Yesterday, I wrote an article noting the difficult position that China had been placed by the intemperate decision of Myanmar’s military high command to launch a coup and remove the elected National League for Democracy (NLD) government from office.
This became particularly clear this past weekend, when Chinese factories in the industrial outskirts of Yangon were vandalized and damaged during confrontations in which as many as 51 anti-coup protesters were killed by Myanmar security forces.
With many protesters accusing China of taking a side (i.e. the wrong one) I argued that it was in China’s interests to make an exception to its principle of non-interference and help bring about a resolution to the harrowing crisis that has followed the coup of February 1.
Today brought news that China may indeed feel moved to intervene – but for much more selfish reasons. An unsigned editorial, published on the website of the state-run CGTN network this morning, suggested that China might be “forced into taking more drastic action” in Myanmar if its interests are not more firmly safeguarded.
The article started by noting the damage sustained by Chinese factories during what the outlet referred to as “Sunday’s spree of vandalism and arson,” in which it claims a total of 32 Chinese-funded enterprises were damaged, inflicting some $37 million worth of damage.
The editorial then underlined China’s repeated insistence that the political turmoil in Myanmar “should be resolved by Myanmar people through peaceful dialogue.” The government “has no intention of putting its thumb on the scale and swaying the country to choose one side or the other,” it went on. “However, rapidly rising China-hating-and-destroying sentiment won’t sit well with China, especially when the rise has an unshakable scent of foreign influence.”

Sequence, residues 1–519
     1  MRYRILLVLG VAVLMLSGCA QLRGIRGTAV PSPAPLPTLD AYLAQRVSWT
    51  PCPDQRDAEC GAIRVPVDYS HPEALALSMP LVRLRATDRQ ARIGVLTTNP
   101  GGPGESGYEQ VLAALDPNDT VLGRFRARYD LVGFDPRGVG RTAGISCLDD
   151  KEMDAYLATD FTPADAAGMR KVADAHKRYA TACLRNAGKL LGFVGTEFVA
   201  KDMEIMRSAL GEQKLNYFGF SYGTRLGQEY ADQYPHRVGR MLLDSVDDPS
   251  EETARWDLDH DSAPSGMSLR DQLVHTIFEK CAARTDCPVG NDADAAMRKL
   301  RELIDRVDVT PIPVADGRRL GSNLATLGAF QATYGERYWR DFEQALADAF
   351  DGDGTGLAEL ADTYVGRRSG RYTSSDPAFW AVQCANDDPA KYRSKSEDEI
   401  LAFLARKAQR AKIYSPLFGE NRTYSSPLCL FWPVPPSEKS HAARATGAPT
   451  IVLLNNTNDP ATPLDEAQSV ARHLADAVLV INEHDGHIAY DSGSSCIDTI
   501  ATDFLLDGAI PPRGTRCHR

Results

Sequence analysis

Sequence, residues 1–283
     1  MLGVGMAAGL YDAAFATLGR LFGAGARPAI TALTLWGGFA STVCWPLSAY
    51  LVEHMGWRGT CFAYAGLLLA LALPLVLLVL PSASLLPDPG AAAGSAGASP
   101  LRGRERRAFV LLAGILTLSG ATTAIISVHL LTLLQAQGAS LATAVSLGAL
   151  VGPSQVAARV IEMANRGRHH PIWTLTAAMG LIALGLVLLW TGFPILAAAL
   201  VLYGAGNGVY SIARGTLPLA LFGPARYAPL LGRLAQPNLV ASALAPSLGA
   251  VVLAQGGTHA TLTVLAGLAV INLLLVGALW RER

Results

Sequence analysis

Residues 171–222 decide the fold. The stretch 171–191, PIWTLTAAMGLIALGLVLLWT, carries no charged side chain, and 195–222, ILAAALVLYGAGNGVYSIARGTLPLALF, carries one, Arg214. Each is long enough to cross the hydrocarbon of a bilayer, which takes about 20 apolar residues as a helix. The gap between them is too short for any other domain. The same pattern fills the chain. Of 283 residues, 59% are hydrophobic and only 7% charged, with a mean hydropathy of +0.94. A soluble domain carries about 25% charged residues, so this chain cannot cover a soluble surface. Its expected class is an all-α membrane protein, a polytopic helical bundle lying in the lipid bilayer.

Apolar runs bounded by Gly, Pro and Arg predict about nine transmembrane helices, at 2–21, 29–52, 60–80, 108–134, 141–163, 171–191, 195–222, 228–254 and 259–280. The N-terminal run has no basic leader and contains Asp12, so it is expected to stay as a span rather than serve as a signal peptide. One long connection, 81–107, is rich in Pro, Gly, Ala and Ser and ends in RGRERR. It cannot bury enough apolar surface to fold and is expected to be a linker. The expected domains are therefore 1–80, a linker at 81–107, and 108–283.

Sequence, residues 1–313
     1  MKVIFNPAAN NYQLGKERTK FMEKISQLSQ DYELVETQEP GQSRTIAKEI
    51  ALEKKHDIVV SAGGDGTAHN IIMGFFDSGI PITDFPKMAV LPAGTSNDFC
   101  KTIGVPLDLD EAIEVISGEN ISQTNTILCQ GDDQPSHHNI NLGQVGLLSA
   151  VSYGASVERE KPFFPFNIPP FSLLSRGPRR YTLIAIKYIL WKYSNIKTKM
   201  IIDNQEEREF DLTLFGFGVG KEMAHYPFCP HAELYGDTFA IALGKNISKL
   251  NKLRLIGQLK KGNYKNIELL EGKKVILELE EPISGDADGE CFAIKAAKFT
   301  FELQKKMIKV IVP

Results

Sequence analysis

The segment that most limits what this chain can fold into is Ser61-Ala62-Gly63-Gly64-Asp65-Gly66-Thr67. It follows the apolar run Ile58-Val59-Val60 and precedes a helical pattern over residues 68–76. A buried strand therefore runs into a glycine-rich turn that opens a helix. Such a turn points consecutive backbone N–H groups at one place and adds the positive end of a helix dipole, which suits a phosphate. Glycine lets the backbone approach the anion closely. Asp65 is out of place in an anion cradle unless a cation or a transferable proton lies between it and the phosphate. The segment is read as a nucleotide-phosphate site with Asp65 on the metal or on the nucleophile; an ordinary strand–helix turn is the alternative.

The article concluded that stating that the Chinese government has called on Myanmar authorities to “provide protection for its assets and personnel” – including the oil and gas pipelines that run from the Bay of Bengal across Myanmar into China’s Yunnan province – and for Myanmar’s protesters “to express demands in a lawful manner.”
“China won’t allow its interests to be exposed to further aggression,” the editorial warned. “If the authorities cannot deliver and the chaos continues to spread, China might be forced into taking more drastic action to protect its interests.”
In its mix of reluctance and resolve, the editorial bore a notable resemblance to a statement issued by Huang Huikang, the Chinese Ambassador to Malaysia in 2015, following a series of Malay ultra-nationalist rallies marked by an undercurrent of anti-Chinese sentiment.
In his comments, Huang took pains to emphasize that the Chinese government “has always pursued peaceful co-existence in international relationships and non-interference in the internal affairs of other countries.” But Beijing would “not sit idly by” over any “infringement on China’s national interests, violations of legal rights, and interests of Chinese citizens and businesses which may damage the friendly relationship between China and the host country.”